Robert Zemeckis can certainly handle air disaster, as demonstrated by the authentically scary plane crash near the beginning of Cast Away, which ranks with Raiders of the Lost Ark in having one of the best ever explosive-action movie first acts. He does something similar in Flight, when after some preliminary warm-up turbulence, the plane lurches into an uncontrollable nosedive and pilot Whip Whitaker (Denzel Washington) has to employ all his virtuoso skills – including inverting the plane and flying upside down – in order to break out of the descent and finally crash land, limiting the damage to only six fatalities. It’s a terrific sequence – one that puts you off flying even if you’re not flight phobic, and must forever be banned from in-flight entertainment! Moreover there is a joker-in-the-pack element as Whip is shown to be drunk on duty, having woken up with a hangover, taken a morning snifter and then raided the on-board drinks cabinet for some vodka miniatures, poured into his orange juice. But, intriguingly, the drink didn’t adversely affect his piloting ability and if anything served to improve it.
In the aftermath of the crash, Whip is hailed as a hero and becomes a media celebrity, though he suffers a complicated guilt reaction. The last thing the airline bosses want is to see Whip pilloried for his drinking, as the crash apparently wasn’t down to human error anyway and if those drinking facts emerged, they would face devastating lawsuits. Consequently union official Charlie (Bruce Greenwood) and hot-shot lawyer Hugh (Don Cheadle) go in to bat for Whip, working to shield him from any possible fallout. So everything seems sorted before the movie’s half-way point, and one begins to wonder where it can go from here – and even what kind of a movie Flight is, now that the plane-crash pyrotechnics are over, confined to that first act. But a problem soon begins to make itself felt, and that problem is…well…Whip himself, who insists on being a drunk, behaving like a drunk, sometimes in the full glare of the media spotlight, so he becomes his own worst enemy, the loose cannon firing at random.
Flight therefore is not primarily an air disaster movie after all, but an alcoholism movie, an airborne The Lost Weekend or Leaving Las Vegas, and progressively it becomes a study of Whip’s inability to get a grip. Whilst in hospital for minor injuries following the crash, he meets addict Nicole (Kelly Reilly), who’s recovering from an overdose, and they commence an unlikely relationship. As well as the drink, Whip is partial to a nose full of coke and the odd joint himself, so drink and drugs elide together as the pair drift woozily through that underworld, populated by low-life stereotypes with their leathers and tats and attitude, sometimes sidelining in porn. Whip even has his own friendly neighbourhood door-to-door drug dealer Harling (John Goodman), who with his beard, ponytail and flamboyant clothing appears to be engaged in a remake of The Big Lebowski, only this time taking the part of The Dude! One wonders why he doesn’t have the words DRUG DEALER stencilled across the back of his jacket, which would achieve about the same effect.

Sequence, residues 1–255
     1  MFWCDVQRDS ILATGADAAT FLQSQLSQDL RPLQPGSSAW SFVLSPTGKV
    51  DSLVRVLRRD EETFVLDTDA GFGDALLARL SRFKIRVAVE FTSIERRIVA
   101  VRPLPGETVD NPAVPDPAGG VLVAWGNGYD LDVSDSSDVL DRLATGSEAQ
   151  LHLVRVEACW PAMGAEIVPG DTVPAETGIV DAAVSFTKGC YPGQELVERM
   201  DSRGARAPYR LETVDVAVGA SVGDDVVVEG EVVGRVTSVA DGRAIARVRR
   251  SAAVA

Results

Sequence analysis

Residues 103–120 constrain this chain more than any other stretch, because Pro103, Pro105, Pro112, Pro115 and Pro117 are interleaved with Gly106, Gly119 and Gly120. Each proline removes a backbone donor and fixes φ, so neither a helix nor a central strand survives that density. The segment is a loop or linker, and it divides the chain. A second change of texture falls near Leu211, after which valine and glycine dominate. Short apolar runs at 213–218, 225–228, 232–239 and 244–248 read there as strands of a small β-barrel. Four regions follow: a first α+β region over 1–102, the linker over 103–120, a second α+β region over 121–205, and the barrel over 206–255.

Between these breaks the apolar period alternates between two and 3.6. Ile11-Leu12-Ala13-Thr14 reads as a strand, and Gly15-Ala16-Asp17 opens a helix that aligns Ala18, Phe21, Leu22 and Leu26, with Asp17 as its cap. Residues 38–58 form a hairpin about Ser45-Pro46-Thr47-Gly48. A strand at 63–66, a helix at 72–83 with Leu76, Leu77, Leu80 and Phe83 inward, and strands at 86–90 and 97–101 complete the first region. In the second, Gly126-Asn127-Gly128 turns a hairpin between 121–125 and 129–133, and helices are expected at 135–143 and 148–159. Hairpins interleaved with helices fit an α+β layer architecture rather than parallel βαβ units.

This heavy-handed treatment crops up throughout, such as in classic – or clichéd? – scenes where Whip pours about a hundred gallons of every denomination of booze down the sink, only to be found shortly afterwards hitting the bars and getting hammered. Yes, we get it, he’s in denial, and it becomes so acute that it impinges on him and Nicole even though she’s no stranger to all that herself. Such a character study stands or falls on the acting, and Denzel Washington is a fine actor who does a very competent job – but is he quite right for the role? It isn’t just a question of acting drunk, it’s also about showing the personality changes an alcoholic undergoes due to drink. For Whip to work within the dictates of the script, he needs to be a real Jekyll and Hyde character, and Washington’s Hyde is just a touch too Jekyllish to really carry it off. Maybe it’s because he comes over as too much of a nice guy who lacks that menacing side, and one wonders what Samuel L. Jackson or Laurence Fishburne might have made of the role.
Whatever, Whip stumbles onwards as Flight gears up for its could-only-happen-in-a-movie ending, and then the various quizzical convolutions of earlier spring into sharp focus. The film ultimately crystallises as a very Hollywood version of the difficult issues surrounding alcoholism and drug taking – with a nice bit of ‘disaster movie’ tacked on the front. It purposefully strives for those hip Goodfellas-style red-eyed coke-snorting moments, but somehow misses the mark and loses its way due to a questionable approach and storyline. For the real deal try The Lost Weekend, Leaving Las Vegas, Drugstore Cowboy, Trainspotting or A Scanner Darkly.
Robert Zemeckis can certainly handle air disaster, as demonstrated by the authentically scary plane ...